I’d love to hear from anyone who’s received Farthing – so that I know it can be done, and to know whether it’s something I should bother with chasing up. I really don’t want to just put zeros in its columns, on our little LSS spreadsheet…
Channel Ten, in its Infinite Wisdom, has changed the time for Torchwood.
Midnight! Tuesday night/Wednesday morning!
Seriously! indeed. That is so … unspeakably annoying. Admittedly I usually tape it, but – !! I had to go to the Ten website to find out when it was on because it sure as hell wasn’t announced anywhere….
OK, over it now. Until tomorrow when I have to set the video.
Have they not learnt?
Just caught a snippet of Hack, on Triple J. It was obviously about ANZAC Day, asking young people what they think of the day.
I don’t know what the actual question was, but the responses I heard were along the lines of ‘I don’t agree with it because it’s, like, glorifying war and stuff (?) (the ? is because of the upwards inflection at the end of the sentence…’.
I don’t much care what your opinion of ANZAC Day is – well, I do, but I respect your right to hold any opinion (with all the usual caveats of respectfulness), but truly – have you not learnt? Do you not understand? There are so many things wrong with that statement – how could commemorating ANZAC Day, initiated to mourn the dead, celebrate war? And I thought that the aftermath of the peace protests against the Vietnam War had taught people to divorce soldiers, doing their job, from war as a concept – it has become trite, listening to American protests, but it really is possible to support and sympathise with soldiers while still protesting the war they are fighting.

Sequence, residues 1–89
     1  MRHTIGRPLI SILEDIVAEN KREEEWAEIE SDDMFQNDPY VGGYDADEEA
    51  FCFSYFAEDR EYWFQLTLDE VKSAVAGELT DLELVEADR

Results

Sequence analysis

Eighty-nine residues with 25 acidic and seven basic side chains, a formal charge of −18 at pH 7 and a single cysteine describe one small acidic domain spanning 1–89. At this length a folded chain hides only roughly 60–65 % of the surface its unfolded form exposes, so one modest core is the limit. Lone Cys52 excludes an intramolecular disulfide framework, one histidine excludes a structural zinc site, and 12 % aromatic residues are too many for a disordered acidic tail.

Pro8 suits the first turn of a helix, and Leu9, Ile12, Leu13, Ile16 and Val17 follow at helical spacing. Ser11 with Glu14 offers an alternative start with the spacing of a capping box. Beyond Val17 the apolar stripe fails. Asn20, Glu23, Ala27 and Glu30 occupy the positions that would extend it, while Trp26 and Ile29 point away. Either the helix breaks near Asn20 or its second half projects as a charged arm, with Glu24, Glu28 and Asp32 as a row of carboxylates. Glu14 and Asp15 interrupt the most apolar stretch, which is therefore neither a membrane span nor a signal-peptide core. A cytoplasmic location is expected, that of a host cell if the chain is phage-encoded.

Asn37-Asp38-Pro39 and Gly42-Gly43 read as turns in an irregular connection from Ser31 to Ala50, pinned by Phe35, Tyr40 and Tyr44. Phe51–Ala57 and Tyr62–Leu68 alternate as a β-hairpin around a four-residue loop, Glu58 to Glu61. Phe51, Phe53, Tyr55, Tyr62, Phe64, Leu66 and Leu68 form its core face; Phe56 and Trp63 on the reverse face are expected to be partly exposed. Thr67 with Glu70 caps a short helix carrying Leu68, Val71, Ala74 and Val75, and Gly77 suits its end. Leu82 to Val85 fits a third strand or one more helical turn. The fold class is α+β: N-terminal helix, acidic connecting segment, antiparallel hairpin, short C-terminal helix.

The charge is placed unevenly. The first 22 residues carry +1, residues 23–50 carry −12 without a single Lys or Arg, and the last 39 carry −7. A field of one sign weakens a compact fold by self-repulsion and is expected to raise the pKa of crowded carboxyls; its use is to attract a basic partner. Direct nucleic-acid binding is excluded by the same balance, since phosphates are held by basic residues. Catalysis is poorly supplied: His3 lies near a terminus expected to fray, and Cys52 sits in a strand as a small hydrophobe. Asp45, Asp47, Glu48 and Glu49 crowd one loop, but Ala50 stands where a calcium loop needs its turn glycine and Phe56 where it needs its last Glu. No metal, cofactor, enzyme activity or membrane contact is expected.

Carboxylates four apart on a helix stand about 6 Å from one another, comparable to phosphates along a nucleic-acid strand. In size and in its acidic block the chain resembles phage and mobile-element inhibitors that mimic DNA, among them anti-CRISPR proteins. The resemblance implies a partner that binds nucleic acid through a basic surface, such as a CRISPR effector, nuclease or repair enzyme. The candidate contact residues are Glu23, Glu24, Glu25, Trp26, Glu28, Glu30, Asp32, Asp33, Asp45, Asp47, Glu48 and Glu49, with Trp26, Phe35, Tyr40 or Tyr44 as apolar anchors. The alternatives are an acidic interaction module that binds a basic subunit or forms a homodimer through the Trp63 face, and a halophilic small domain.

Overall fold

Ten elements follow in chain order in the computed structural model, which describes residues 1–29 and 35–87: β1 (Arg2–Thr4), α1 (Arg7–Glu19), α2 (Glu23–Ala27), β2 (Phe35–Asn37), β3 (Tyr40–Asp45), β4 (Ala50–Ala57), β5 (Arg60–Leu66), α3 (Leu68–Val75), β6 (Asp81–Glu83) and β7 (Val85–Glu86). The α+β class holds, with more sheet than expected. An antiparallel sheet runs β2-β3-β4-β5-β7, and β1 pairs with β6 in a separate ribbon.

I was mad at the ignorance. Now I’m just sad.
I hate it when people use phrases such as “woman president.” The French woman would be a female president if she gets elected! It’s like calling someone a Germany athlete or a happiness husband.
Drives me nuts.
"Do’s and Don’ts"
That may well be one of the most annoying phrases – at least in its written form.
1. It’s got an apostrophe in the wrong place! My bete noir if ever there was one!
2. It’s not even internally consistent. If you were going to have an apostrophe in the first, you’d have to have it in the second as well – so Do’s and Don’t’s – which clearly looks ridiculous, although I have actually seen it written like this in some places.
3. It should just be Dos and Don’ts. And if you’re not happy with Dos because you hate PCs, then DOs and DON’Ts is probably the way to go.
Ok. End rant,
Some of my least favourite words
Kids at school use the word ‘verse’ all the time, as in “Australia is going to verse the world in cricket.” I understand where this come from – it seems to make sense if you can say that the game is Australia versus the world – but of course it’s a reflection that they don’t know how to spell versus, nor do they know what means. It nearly drives me to distraction, particularly because it’s very hard to explain it properly while on the run, as I usually am when I hear it.
In a different context, using the word action as a verb makes me nutty too. I know it’s all very typical business language, but I Don’t Care. You don’t action something, you just do it.
Bit of a morbid title there, I realise… the reaction of people to Steve Irwin’s death has been a bit over the top, I think. Particularly twinned with Colin Thiele’s death on the same day, and the distinct lack of matching grief or accolades from the public or politicians. Beattie’s “oh, we could have a national park or award named after him…” thing is great, but seriously – millions of books sold, Storm Boy for heaven’s sake, and nothing for Thiele??
I am embarassed to admit that we are watching the Aust Idol trials. I blame J. Anyway, there was a dude just on singing R&B – Marcia and Kyle said yes, Mark said no. He then had a go at the other two, asking them if they really thought that 14 and 15 yo girls would buy R&B (cos they’re the ones who buy Aust Idol, obviously). HELLO!?!?! Who else buys R&B BUT 14 and 15 yo girls?? Goodness me.
And I have to say – Kyle? PRAT.
Hamlet at the printer
On this show, some pop-science thing, there was a throw-away comment about how 400 years ago, Shakespeare would have been sending the final draft of Hamlet to the printers.